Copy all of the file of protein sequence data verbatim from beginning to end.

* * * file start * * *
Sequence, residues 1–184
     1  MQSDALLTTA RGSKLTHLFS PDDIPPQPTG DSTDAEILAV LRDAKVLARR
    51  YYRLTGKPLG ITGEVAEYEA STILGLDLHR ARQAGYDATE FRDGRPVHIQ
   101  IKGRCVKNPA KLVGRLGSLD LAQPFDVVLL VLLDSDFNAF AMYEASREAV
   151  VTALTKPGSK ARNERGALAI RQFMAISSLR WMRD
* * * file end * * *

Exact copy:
Sequence, residues 1–184
     1  MQSDALLTTA RGSKLTHLFS PDDIPPQPTG DSTDAEILAV LRDAKVLARR
    51  YYRLTGKPLG ITGEVAEYEA STILGLDLHR ARQAGYDATE FRDGRPVHIQ
   101  IKGRCVKNPA KLVGRLGSLD LAQPFDVVLL VLLDSDFNAF AMYEASREAV
   151  VTALTKPGSK ARNERGALAI RQFMAISSLR WMRD